Views from Phanfare CEO and Co-founder Andrew Erlichson

Link Web 2.0

There is a tremendous amount of hype around Web 2.0 these days. I have never even seen an adequate definition of what it is. In my mind it is actually two things.

  • Web applications are becoming more like desktop applications in that the user interaction is handled locally at the client, versus at the server.
  • A fascination with user-generated content and all things tagging, tied to a fascination with search, particularly Google, and most importantly, with their net income.

The second item I will discuss another day. Long live Google!

But the first item is closer to my heart. Consumer computing is becoming network centric and consumers are going to get their whole computing experience over the net. This has a lot of good features, not the least of which is that a consumer’s local computer is fungible, as it should be since only ubergeeks have any idea how to keep one running, virus free, and backed up.

If you assume that the consumer computing experience is going to the net, then the only sad thing is that we all know that local applications written natively to use the windowing system and other features of the operating system are more responsive and more enjoyable to use. Web 2.0 is a response to that shortcoming. Using AJAX, web apps are getting better.

But there is really no reason to abandon the idea of writing applications directly for the operating system. Those applications just need to be network-centric. Phanfare follows this model. You can download the client and run it from anywhere, logging into it to get access to all your photos and videos. And Phanfare makes you feel as if your photos and videos are local. Phanfare talks to the network via web service calls, is multithreaded and caches heavily to achieve this user experience.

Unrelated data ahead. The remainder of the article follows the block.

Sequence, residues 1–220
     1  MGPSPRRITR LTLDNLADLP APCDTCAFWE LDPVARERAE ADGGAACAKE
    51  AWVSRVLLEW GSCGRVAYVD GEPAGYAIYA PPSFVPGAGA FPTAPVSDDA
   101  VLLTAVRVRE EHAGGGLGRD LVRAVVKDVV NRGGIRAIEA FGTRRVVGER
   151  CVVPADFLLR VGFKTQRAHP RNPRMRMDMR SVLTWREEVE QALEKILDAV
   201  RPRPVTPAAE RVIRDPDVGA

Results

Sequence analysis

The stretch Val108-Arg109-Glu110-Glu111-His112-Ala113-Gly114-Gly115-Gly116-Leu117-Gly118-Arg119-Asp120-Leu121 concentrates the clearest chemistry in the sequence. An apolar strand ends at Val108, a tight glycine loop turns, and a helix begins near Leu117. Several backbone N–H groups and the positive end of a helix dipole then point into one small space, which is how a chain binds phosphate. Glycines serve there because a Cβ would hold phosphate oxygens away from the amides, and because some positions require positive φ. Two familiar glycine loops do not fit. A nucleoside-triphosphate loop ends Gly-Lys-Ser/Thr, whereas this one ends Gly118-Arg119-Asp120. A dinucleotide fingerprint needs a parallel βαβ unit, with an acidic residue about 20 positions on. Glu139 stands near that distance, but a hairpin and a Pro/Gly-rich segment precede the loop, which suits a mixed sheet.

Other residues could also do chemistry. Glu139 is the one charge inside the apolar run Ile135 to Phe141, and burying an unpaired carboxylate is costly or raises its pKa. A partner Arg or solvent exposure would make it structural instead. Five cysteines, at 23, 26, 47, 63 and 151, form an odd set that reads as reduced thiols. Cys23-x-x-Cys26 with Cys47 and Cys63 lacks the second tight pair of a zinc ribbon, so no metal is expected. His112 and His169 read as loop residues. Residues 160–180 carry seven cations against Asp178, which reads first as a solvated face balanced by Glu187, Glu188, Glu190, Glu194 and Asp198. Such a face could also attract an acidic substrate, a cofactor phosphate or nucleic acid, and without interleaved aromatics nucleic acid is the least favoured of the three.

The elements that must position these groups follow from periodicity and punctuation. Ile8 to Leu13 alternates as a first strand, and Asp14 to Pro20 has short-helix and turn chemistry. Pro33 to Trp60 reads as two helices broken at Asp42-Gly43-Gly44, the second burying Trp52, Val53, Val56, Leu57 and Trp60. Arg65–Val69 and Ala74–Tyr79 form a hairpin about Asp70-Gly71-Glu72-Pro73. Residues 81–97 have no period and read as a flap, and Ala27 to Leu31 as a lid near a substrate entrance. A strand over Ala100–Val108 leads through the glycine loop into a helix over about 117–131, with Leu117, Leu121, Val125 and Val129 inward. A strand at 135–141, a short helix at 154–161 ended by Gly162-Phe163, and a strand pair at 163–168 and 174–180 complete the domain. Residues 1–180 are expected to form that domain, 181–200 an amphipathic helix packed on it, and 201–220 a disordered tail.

Microsoft Outlook running against an Exchange server is the same idea. Gmail is a great interface, but Outlook is still a better email client. And like Web 2.0, I can install Outlook on any computer and access the Exchange server. Granted, I have to install the application, but for something I use every day, this is worth the trouble.

A day may come when the programming environment within the web browser is so rich that there is no reason to write an application directly for the operating system, but that day is not here today. In fact, we are fairly certain that we could not reproduce the Phanfare experience within a web browser due to security restrictions limiting access to local disk.

Further, applications written in the way I just described are really not new. The client-server model of computing from the days of X windows was just this, albeit with less standard communication protocols.

So in my mind, half of Web 2.0 is really about network-centric apps getting better and closer to the smooth enjoyable experience of local applications. Whether those applications run within the web browser is not the point.

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